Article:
Monday of the Fourth Week of Easter

Acts 11:1-18; Ps 42:2,3;43:3,4; Jn 10:1-10: If not now, when?  “When shall I go and behold the face of God?”  We have such a great hunger.  We have such an unquenchable thirst.  We long; we yearn; we desire with such urgency.  But, what is it for which we hunger and thirst?  It is nothing less than God, the living God.  It is as much a part of our nature as the thirst of the hind for running waters.  We were made by God and for God, and until we find Him or He finds us we are restless, empty, and lost.  So we plead with today’s psalm: “Send forth your light and your fidelity; they shall lead me on.”  These two glorious angels will lead us on to the holy mountain, to the very dwelling place of God, the living God.  Then and only then will we know gladness and joy as we stand at the altar of God, as we share in the heavenly banquet.  Then we will give eternal thanks upon the harp.  Then we will sing with gladness and joy.  Two men appeared at Saint Peter’s door to bring him into a whole new awareness of God’s universal salvific will; indeed he is led to proclaim with great joy, “God has then granted life-giving repentance to the Gentiles too.”  The Lord Jesus proclaims the good news that he has come so that we may have life, abundant life.  Indeed, the Good Shepherd wants all his sheep gathered into his fold.  He wants to fulfill the desire of every human heart to behold the face of God.

One can hardly find a more universal sign human unity than sharing a meal.  We nourish our bodies and our souls when we share at a common table.  So for the Apostles and brothers in Judea it was a great offense that Saint Peter would enter the houses of uncircumcised people and eat with them.  How could this be?  How can there be any unity among the Jewish Christians and the Gentile Christians? This painful question is not that familiar to us at this time in history.  However, every generation of believers has some issue of disunity confronting the church.  In our day the arrival of many immigrant peoples who share our faith at the Table of the Lord, can be a great cause of concern as a parish beholds the change of complexion upon the face of the congregation.  We, too, must discover in prayer what our beloved Saint Peter discovered, “What God has made clean, you are not to call profane.”  Indeed, it will take some deep listening to the LORD in prayer for our hearts to be transformed by the Holy Spirit.  Sometimes the voice of the Lord Jesus is loud and clear, even painful to hear. At such moments of revelation our common sense ways are broken open and we begin to see as God sees; we will have an entirely new vision.  Then and only then will we not hinder God.  Then and only then will God’s dream for us become our own dream.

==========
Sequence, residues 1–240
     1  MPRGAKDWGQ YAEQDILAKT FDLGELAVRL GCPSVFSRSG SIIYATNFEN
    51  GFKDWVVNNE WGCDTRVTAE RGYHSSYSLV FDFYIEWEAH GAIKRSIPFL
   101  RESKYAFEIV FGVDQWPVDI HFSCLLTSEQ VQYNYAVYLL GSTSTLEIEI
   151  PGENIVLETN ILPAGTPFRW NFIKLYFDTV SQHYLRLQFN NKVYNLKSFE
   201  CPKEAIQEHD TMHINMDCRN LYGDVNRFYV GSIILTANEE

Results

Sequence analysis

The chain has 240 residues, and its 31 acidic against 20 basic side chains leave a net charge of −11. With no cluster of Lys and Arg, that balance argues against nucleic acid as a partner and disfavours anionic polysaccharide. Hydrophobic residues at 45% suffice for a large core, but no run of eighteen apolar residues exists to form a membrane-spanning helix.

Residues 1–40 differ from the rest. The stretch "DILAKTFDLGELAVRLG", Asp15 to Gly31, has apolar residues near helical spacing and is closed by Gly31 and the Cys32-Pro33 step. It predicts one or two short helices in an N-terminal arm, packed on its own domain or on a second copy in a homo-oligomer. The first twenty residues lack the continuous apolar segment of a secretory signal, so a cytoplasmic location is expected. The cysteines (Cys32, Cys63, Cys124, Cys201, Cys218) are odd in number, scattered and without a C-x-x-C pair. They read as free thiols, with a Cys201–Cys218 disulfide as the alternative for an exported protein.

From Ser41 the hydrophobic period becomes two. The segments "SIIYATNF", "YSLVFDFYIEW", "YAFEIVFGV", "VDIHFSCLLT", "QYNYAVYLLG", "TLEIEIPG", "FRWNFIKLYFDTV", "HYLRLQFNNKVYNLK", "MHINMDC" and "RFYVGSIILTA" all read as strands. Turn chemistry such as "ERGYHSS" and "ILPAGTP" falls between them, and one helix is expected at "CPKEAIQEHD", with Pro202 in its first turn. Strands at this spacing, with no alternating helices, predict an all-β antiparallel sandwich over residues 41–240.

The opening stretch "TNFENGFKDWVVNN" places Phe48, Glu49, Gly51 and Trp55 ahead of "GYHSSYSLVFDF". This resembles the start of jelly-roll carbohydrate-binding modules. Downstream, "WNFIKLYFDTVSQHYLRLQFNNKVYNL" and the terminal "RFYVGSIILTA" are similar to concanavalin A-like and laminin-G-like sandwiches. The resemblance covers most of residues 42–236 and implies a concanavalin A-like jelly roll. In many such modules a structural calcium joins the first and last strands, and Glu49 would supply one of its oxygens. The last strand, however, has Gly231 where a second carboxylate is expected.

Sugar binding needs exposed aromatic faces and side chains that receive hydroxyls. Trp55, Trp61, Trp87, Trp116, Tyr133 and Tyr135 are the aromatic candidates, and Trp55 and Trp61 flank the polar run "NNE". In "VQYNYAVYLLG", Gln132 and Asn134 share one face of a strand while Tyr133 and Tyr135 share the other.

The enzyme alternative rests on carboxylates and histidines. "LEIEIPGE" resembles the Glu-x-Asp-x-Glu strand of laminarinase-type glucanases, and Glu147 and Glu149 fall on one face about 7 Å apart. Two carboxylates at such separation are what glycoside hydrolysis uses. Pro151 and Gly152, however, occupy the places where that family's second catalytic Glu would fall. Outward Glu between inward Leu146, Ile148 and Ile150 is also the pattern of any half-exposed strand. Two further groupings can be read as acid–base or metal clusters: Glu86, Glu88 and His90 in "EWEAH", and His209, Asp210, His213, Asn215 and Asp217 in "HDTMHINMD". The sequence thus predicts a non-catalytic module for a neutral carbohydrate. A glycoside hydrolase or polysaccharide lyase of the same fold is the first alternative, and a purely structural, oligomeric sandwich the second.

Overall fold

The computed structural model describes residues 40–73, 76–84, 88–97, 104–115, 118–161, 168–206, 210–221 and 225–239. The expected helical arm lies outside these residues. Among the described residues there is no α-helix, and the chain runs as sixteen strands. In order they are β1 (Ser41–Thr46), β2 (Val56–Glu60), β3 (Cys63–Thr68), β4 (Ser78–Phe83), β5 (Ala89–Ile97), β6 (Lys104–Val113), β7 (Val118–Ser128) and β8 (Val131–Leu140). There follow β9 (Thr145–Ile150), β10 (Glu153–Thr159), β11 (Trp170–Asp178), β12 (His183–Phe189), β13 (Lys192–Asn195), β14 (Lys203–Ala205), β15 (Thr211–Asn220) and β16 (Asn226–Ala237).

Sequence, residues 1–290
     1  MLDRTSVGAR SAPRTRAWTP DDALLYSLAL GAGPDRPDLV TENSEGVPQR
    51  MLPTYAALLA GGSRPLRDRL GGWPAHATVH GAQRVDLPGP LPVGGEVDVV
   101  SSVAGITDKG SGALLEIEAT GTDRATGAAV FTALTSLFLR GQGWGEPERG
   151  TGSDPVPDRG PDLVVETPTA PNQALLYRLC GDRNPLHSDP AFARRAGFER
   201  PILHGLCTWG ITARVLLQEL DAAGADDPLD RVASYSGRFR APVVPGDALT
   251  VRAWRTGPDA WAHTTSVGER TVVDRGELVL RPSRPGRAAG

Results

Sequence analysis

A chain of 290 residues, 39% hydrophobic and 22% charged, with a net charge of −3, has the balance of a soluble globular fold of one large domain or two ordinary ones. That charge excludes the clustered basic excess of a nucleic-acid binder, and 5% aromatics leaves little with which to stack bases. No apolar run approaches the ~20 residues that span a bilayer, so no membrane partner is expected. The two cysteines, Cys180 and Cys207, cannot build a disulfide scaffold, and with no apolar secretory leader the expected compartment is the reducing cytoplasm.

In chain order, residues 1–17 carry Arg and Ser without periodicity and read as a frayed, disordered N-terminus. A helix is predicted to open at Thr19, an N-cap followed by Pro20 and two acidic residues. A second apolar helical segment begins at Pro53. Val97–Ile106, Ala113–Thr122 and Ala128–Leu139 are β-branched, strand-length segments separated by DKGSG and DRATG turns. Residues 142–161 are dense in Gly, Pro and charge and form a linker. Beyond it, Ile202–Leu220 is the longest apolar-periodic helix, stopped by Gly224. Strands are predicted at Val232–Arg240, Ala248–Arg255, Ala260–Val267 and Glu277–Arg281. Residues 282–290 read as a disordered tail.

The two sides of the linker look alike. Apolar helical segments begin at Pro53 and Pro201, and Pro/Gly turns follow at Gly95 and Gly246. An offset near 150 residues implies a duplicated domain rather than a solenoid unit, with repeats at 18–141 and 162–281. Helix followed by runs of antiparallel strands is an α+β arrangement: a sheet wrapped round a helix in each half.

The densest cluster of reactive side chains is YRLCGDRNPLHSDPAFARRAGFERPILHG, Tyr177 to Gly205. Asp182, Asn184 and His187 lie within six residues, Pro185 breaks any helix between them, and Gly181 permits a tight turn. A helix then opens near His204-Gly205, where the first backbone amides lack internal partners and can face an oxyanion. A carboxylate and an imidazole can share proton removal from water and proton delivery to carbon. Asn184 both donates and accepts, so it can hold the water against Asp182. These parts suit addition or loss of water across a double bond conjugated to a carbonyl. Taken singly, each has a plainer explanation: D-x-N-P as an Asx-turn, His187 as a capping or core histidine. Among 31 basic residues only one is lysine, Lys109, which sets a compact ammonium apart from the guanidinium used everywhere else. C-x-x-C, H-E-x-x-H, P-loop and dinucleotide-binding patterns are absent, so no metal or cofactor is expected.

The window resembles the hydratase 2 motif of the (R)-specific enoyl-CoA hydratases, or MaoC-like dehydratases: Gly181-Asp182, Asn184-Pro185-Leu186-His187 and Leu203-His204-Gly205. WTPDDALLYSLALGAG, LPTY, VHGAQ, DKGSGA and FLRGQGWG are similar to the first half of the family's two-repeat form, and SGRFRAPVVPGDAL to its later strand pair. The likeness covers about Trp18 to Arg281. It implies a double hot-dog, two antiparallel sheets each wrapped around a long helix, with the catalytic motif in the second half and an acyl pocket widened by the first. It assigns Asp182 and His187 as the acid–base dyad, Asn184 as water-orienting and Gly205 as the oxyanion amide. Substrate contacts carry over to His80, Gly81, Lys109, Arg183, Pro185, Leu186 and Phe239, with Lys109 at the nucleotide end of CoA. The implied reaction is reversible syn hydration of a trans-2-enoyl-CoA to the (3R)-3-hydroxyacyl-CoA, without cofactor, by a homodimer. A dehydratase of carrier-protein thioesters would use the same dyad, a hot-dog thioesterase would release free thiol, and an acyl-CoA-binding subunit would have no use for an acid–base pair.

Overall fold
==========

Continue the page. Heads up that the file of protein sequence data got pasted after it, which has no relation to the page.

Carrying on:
Saint John of the Cross teaches, “Oh LORD, my God, who will seek you with simple and pure love, and not find that you are all one can desire, for you show yourself first and go out to meet those who seek you.”  Indeed, this universal doctor of the church provides an answer to the question of today’s responsorial psalm and the question of every human heart.  We hear the voice of the Good Shepherd summoning us to follow him.  We recognize his voice.  We have heard him say, “You are my beloved, upon you my favor rests!” Any stranger’s voice we run away from, but the voice of the Lord attracts the ear of the heart, and we cannot not follow.  No thief, no robber has that authentic tone of voice that captures our hearts. Indeed, the Good Shepherd is also the gate through whom we enter and go out to find pasture, along the streams of living waters.  Every thief comes only to steal, slaughter, and destroy.  The Good Shepherd came that we might have life and have it abundantly. This abundant life is life in the Holy Spirit.  Indeed, our very breath and every word we speak is empowered by the Spirit of the Living God.  Not only do we hear the Divine Voice summoning us to abundant life, we become that very voice.  We who become what we eat in the Eucharist; we become what we breath in our prayer—the very voice of the Lord speaking to the LORD.  This is the destiny of every believer.  This is our dignity in Christ.  This is the abundant life of the transforming union: through him, with him, and in him in the unity of the Holy Spirit and for the glory of the Father.